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Prostate cancer (CAP) is one of the most common malignancies in men, both in Western countries and developing countries. Radiation therapy (RT) is an important therapeutic option. New technologies (3D, IMRT, IGRT, VMAT) have been introduced in the last decades, with a progressive improvement of clinical outcome. However, in many countries the only treatment option is the traditional 2D technique based on standard simulation. The indications for field definition in this treatment are still based on expert's opinions. The aim of this analysis is to propose new indications for 2D fields definition based on three-dimensional simulation in a population of patients with CAP. Twenty patients with CAP consecutively treated with RT in our center were identified. Patients underwent CT-simulation in supine position. Pelvic MRI images were fused with CT-simulation images. In this way, delineation of the prostate and seminal vesicles was performed on MRI images. Clinical Target Volume definition (CTV) was performed according to EORTC guidelines simulating 4 different categories: low-risk CAP, intermediate-risk CAP, high-risk CAP without involvement of the seminal vesicles, and high-risk CAP with involvement of seminal vesicles. The Planning Target Volume (PTV) was defined by adding a margin of 10 mm to the CTV in all directions. For each patient, 8 treatment plans were calculated. In particular, for each of the 4 categories of risk, 2 treatment plans were calculated by using a cobalt source or 10 MV photons. Treatment plans were calculated using the box technique. Progressive optimization was realized with an iterative procedure by evaluating the three-dimensional dose distribution. Once the final plan was achieved (respecting the PTV constraint: D98 > 95%), distances of the fields edges from a set of reference points were measured.
A specific scale allowing the measure of anxiety of patients with protate cancer has been designed and validated but the French version needs to be validated. This study aims at validating the French translation of this scale.
The current study aimed to develop and assess an easy-to-use, highly accessible mobile and web-based application intervention to reduce sedentary behavior and increase physical activity in the hope of reducing the side effects of treatment and improving quality of life for the 13,000 or more prostate cancer survivors who are prescribed ADT each year in Canada. The study was conducted in two phases, where Phase one was focused on finding out about the attitudes and perceptions of sedentary behavior and the use of mobile applications among prostate cancer survivors using semi-structured interviews. Together with professional experts and a group of men who were diagnosed with prostate cancer, we developed RiseForTx - an application that is used on a smartphone or tablet to reduce time spent in, and to change patterns of, sedentary behaviour each day (Phase two). Part of the intervention was also focused on increasing daily steps to improve physical activity. We tested the intervention to examine (i) how the application works, (ii) if prostate cancer survivors like it and use it; and (iii) if sedentary behaviour and physical activity can reduce the impact of the side effects for treatment and improve quality of life among men on ADT.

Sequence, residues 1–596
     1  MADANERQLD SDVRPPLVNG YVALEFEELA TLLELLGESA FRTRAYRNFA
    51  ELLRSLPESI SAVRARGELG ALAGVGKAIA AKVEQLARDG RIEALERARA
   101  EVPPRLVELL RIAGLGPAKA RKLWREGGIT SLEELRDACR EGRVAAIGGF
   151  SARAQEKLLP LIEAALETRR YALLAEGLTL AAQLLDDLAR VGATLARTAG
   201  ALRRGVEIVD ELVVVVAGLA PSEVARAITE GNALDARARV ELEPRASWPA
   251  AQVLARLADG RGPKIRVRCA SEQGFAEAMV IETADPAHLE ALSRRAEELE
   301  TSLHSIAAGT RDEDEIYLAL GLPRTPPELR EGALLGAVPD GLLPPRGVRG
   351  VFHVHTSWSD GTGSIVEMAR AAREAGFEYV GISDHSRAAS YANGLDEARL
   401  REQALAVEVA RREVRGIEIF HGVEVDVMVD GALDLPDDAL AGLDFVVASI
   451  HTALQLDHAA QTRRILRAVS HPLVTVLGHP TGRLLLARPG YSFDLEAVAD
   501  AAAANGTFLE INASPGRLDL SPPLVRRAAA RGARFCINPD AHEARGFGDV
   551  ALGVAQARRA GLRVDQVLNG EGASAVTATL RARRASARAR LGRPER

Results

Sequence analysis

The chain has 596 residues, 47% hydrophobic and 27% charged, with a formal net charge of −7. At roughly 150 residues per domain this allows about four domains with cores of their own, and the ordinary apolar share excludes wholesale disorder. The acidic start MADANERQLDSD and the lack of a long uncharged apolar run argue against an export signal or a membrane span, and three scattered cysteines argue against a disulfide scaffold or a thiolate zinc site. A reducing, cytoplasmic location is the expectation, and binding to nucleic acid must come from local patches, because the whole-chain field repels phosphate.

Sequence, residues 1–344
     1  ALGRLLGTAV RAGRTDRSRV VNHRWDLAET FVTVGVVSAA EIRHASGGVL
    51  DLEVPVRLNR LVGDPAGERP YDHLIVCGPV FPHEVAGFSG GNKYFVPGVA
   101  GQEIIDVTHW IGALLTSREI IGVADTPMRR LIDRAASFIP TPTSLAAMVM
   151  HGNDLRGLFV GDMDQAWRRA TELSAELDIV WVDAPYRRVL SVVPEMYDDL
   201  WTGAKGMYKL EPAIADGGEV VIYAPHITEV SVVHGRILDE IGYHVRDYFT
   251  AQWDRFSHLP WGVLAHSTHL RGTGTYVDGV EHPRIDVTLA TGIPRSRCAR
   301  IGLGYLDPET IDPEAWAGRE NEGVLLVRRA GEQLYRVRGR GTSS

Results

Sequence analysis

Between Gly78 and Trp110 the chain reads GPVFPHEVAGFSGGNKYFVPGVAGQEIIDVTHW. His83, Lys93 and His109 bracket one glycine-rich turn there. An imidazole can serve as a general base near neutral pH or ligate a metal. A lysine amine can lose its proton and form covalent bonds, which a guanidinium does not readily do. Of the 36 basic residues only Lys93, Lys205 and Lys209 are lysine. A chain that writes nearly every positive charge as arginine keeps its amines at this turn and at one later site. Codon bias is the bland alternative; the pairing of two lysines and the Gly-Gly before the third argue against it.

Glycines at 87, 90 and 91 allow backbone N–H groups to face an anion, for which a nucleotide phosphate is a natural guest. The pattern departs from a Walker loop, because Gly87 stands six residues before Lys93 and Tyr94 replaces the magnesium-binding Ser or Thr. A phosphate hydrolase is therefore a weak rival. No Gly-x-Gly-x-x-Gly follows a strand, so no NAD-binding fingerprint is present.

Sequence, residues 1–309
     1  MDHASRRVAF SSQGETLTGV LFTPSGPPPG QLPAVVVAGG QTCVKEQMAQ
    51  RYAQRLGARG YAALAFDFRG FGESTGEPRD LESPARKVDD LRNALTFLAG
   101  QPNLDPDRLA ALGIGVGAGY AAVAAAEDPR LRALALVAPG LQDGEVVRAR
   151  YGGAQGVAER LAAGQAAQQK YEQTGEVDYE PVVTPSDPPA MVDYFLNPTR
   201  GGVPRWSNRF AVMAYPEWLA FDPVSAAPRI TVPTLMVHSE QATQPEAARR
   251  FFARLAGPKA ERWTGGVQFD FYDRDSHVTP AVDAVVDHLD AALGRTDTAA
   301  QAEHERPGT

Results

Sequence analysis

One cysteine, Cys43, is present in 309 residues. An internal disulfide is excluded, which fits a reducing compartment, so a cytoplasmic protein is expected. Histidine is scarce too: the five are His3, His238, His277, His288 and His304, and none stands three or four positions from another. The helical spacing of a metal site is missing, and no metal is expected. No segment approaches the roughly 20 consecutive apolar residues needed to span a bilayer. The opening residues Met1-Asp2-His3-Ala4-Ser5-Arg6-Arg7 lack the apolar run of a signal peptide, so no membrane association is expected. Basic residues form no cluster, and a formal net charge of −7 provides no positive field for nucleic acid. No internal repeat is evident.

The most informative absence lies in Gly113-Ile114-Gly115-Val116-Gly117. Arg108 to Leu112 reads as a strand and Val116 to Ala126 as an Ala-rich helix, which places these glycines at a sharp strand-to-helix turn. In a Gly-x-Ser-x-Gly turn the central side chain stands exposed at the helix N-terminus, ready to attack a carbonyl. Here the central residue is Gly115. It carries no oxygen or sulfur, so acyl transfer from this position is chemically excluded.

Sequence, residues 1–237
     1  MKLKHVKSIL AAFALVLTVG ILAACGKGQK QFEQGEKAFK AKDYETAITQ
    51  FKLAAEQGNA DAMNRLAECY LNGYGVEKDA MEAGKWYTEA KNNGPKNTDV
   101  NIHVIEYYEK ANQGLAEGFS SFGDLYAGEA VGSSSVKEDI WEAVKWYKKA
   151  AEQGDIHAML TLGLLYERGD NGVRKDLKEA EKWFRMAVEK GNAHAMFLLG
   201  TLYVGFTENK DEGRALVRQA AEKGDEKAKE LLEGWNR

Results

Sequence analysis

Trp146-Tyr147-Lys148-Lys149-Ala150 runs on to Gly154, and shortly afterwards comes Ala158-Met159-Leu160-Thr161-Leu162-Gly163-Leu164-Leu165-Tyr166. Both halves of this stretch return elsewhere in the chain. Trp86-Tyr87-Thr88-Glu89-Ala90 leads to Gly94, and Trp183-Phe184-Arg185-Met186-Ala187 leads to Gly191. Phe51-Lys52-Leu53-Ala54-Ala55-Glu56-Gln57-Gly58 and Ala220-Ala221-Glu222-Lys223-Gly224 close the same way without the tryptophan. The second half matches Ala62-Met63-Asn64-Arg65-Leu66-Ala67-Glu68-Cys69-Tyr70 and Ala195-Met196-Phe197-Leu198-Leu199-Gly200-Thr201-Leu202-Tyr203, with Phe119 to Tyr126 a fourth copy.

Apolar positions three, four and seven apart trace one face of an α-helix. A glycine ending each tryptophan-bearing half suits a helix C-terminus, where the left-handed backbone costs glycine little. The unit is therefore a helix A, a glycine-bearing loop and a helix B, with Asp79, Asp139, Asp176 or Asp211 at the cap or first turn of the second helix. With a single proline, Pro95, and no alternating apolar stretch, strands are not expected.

Rationale: Understanding the mechanisms of enzalutamide as an androgen receptor inhibitor in early prostate cancer could lead to improved patient selection for treatment. Objective: To study the effects of enzalutamide on surgical margin status and AR / DNA interaction and gene expression. Intervention : Men with localized prostate cancer will undergo an additional set of targeted tumor biopsies and will be subsequently treated with 3 months of enzalutamide. The prostatectomy specimen will be additionally sampled, ex vivo.
The purpose of this study was to evaluate the difference between the optic nerve sheath diameter measured during total intravenous anesthesia and the optic nerve sheath diameter measured during inhalation anesthesia in patients undergoing robot-assisted laparoscopic prostatectomy.
To report the outcome of hypo-fractionated radiotherapy after radical prostatectomy (RP) for prostate cancer (PCa) using IMRT-SIB. 124 patients with PCa at high risk of relapse after RP or diagnosis of biochemical relapse were included. Patients received 62.5 Gy to the prostate bed (PB) and 45 Gy to pelvis nodes in 25 fractions. Androgen suppressive therapy was prescribed based on NCCN risk categories. Median follow-up was 30 months.
We aim to evaluate the change in optic nerve sheath diameters as a surrogate of intracranial pressure before and after mannitol administration in patients who undergo robot assisted laparoscopic radical prostatectomy with pneumoperitoneum and Trendelenburg position.
This was a placebo-controlled, double-blind, randomized trial designed with the aim of establishing whether curcumin influenced the duration of treatment interruption and rate of prostatic specific antigen(PSA) progression, compared with placebo among men with prostate cancer receiving intermittent androgen deprivation therapy.
The purpose of this study is to evaluate the safety in patients with prostate cancer receiving the drug in the routine clinical setting.
Patients with high risk prostate cancer may benefit from radiotherapy after radical prostatectomy. The investigators postulated that adjuvant androgen deprivation therapy (ADT), radiation dose escalation, and selective pelvic irradiation may improve outcome. A phase II trial was designed to prove that combined-intensified-modulated-adjuvant (CIMA) treatment may improve 5-year biochemical relapse free survival (bRFS) from 75% to 90% in high risk patients. The delivered dose to tumor bed and pelvic nodes was 64.8-70.2 Gy and 45 Gy (57% of patients), respectively, and 69% received ADT.